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Ben Cluff Posted by: Ben Cluff (pictured) and Joe Burch of the Bureau of Substance Abuse Services.

With Veteran’s Day coming up, it is a great opportunity to take a minute to reflect on our freedom and the people who have fought, and continue to fight, to protect our rights. Our veterans and active duty service members are brave men and women who have sacrificed time away from their families, their safety, and even their lives. To all of our military and military families, we thank you.

These service members have done so much to support us, but what can we do to help support them? All of this time spent away from family, friends, and the security of home can take a toll and cause physical and mental health side effects, including substance abuse.

If you have Veterans in your life with substance abuse issues, here are ways you can help:

  • Learn as much as you can about what your loved one is going through and how counseling can help. Knowing how substance abuse affects people may help you understand what they may be going through. The more you know, the more you can help.
  • Offer to go to doctor visits with your loved one. You can help keep track of medicine and therapy, and you can be there for support.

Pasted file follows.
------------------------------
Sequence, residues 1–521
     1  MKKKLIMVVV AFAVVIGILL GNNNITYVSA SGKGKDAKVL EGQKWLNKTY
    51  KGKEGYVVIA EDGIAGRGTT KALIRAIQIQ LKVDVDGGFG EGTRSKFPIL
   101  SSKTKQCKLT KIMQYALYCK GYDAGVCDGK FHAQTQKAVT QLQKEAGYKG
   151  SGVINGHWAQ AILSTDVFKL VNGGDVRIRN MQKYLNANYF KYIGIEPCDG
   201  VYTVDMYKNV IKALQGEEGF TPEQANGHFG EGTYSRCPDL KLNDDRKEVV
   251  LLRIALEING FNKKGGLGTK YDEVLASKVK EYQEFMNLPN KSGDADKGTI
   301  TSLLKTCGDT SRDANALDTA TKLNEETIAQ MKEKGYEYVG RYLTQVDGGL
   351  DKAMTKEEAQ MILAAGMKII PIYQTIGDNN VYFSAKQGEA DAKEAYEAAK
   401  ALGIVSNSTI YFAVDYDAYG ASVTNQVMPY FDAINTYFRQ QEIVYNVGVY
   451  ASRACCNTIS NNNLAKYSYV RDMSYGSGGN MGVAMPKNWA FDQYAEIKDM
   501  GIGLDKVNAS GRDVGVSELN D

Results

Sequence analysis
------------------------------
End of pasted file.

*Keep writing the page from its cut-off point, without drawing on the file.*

• Tell them you want to listen but that you understand if he or she doesn't feel like talking.
  • Plan substance-free social activities together.
  • Take a walk, go for a bike ride, or do some other physical activity together. Exercise helps clear your mind and elevate mood.
  • Encourage contact with family and close friends. A healthy support system will help someone get through difficult changes and stressful times.
  • Remember, nobody expects you to have all the answers.

For information on Veterans’ Services in Massachusetts, visit Mass Vets Advisor helps Veterans and families find state and federal services and programs. This includes resources for counseling and healthcare, finance, education, employment, and housing. Visit

If you have concerns about loved ones’ drug or alcohol use, visit or call 1-800-327-5050 (TTY: 1-888-448-8321) 7 days a week. You can ask questions in confidence, or get information about prevention or counseling programs in Massachusetts.

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